Latest News

Francis Barber is celebrated in new City Plaque


A new plaque celebrating the life of Francis Barber has been presented in Lichfield. The memorial was unveiled by Cedric and Sandra Barber, direct descendants of Francis, in an event organised by Lichfield City Council at Cruck House on Wednesday 29 March. Cedric Barber gave a moving speech, reflecting on the roles which Francis Barber, and later his son Samuel Barber, played in supporting their communities in Staffordshire.

Planning permission has been granted for the plaque to be installed on Cruck House, Stowe Street. Now a community hall, the site was chosen as one of the only surviving buildings which Barber would have known when the street was his home from 1786 to1793, during which time he was elected as Dozener (a local official) by his neighbours in 1788.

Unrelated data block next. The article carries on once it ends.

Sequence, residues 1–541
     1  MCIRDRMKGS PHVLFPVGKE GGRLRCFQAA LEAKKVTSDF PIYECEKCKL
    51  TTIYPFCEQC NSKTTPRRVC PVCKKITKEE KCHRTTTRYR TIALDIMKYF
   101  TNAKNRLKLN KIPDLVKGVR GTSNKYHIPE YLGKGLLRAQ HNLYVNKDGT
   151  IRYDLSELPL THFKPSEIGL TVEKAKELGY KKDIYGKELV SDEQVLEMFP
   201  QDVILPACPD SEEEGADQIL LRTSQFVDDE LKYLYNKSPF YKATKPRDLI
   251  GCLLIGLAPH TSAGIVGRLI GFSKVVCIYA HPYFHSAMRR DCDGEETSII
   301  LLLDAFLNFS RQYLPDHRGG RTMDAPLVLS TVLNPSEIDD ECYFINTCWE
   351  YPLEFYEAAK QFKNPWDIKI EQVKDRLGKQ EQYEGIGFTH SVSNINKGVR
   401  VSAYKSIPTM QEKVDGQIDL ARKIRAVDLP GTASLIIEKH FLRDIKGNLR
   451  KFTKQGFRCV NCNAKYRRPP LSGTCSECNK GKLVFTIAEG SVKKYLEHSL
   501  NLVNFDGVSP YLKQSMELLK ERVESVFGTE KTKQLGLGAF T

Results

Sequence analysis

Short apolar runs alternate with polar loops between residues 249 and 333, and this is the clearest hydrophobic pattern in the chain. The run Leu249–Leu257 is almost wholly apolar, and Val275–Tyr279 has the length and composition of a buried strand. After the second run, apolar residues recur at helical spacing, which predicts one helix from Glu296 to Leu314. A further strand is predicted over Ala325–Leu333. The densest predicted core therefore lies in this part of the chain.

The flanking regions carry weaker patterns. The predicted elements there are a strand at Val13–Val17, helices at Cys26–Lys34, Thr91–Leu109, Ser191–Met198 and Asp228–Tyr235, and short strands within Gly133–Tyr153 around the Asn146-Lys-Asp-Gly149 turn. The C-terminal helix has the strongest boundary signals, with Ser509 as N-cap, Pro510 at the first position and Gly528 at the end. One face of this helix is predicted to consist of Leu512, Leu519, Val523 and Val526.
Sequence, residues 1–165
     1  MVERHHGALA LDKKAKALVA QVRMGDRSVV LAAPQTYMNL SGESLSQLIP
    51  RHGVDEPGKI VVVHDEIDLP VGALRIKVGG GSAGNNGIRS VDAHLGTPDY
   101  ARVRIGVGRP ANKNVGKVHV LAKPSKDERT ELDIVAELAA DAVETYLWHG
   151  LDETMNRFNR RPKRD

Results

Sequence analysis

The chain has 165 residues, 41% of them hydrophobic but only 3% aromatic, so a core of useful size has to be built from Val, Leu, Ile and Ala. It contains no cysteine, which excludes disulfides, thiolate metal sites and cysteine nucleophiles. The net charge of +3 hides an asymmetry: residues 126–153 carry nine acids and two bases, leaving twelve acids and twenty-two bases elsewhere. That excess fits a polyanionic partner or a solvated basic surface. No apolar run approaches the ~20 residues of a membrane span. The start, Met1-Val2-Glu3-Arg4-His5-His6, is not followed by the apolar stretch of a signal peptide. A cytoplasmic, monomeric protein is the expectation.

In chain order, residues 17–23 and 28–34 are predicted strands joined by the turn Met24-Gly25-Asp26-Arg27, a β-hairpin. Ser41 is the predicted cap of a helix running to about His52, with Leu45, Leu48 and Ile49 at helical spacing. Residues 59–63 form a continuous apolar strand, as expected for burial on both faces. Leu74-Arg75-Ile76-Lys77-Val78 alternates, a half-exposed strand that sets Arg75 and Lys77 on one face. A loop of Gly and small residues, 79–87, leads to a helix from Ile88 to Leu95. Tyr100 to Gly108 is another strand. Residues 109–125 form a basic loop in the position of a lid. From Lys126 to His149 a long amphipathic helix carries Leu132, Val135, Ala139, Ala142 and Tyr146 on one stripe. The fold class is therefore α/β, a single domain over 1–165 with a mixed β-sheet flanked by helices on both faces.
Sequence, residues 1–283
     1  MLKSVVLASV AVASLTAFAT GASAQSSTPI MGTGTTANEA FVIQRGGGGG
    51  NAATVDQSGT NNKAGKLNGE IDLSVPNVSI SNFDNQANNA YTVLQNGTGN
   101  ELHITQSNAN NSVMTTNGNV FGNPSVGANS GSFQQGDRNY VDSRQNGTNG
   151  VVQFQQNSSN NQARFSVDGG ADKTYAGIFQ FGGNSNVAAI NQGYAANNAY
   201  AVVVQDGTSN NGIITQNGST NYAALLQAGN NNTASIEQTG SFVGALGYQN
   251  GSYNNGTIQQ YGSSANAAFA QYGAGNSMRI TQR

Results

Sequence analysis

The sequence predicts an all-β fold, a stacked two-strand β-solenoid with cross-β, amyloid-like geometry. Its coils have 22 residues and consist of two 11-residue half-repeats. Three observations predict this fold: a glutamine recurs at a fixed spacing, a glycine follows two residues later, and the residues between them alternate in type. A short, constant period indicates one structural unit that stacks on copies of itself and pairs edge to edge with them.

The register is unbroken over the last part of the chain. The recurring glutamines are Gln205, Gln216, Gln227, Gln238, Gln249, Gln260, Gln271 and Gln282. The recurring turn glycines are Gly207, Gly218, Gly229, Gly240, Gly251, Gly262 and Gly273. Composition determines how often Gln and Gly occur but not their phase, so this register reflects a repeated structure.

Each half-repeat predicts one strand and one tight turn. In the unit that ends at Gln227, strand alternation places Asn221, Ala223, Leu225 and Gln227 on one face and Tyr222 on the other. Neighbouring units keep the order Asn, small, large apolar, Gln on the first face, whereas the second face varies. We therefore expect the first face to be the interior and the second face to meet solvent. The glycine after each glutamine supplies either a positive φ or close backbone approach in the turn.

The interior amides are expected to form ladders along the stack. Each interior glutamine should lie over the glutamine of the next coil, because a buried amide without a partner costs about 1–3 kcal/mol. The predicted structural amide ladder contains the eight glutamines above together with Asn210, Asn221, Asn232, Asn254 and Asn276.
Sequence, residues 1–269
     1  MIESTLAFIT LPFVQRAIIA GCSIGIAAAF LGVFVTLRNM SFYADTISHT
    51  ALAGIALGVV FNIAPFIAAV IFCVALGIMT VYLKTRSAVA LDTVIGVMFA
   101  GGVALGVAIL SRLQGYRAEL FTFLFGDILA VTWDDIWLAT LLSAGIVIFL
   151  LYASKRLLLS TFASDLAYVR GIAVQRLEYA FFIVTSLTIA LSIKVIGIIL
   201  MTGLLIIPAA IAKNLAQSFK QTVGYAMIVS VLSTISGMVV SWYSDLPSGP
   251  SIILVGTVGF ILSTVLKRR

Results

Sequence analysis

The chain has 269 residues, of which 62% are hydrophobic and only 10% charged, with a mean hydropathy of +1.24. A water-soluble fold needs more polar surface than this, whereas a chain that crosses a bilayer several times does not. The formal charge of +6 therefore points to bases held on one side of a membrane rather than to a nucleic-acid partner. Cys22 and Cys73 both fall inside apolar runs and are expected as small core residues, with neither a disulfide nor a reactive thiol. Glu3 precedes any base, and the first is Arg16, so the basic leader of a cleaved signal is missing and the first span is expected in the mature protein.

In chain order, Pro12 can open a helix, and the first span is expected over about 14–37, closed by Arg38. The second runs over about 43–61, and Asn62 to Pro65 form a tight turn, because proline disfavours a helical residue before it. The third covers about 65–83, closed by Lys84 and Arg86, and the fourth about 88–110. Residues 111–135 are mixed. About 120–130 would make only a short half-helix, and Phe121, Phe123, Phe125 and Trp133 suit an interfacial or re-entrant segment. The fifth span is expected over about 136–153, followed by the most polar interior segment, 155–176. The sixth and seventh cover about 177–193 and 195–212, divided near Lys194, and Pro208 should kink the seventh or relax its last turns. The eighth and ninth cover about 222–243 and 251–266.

Francis Barber was enslaved from birth in Jamaica. He arrived in England in 1752 aged approximately ten years old and was granted freedom in 1754. He lived for many years in London as the servant, friend and ultimately the heir of Samuel Johnson, who had no children of his own. Barber moved to Lichfield in 1786, and lived in the city until the mid-1790s before relocating to Burntwood, where he became one of Britain's first Black schoolmasters. He died in Stafford in 1801, and his family members are still based in Staffordshire.

A spokesperson for Lichfield City Council said ‘our thanks go to all of the local organisations who were involved in the project, particularly the Johnson Society, Lichfield City of Sanctuary and One Lichfield, who worked with City Council staff at the Samuel Johnson Birthplace Museum to organise this plaque.’

The plaque will be mounted on the exterior of Cruck House during April.


Representatives from all of the groups and projects in the City who have been involved in creating the plaque and sharing Barber's story.


Cedric Barber holds the new plaque, commemorating his ancestor Francis Barber. The plaque will be installed on Cruck House in April.

 Photography copyright Robert Yardley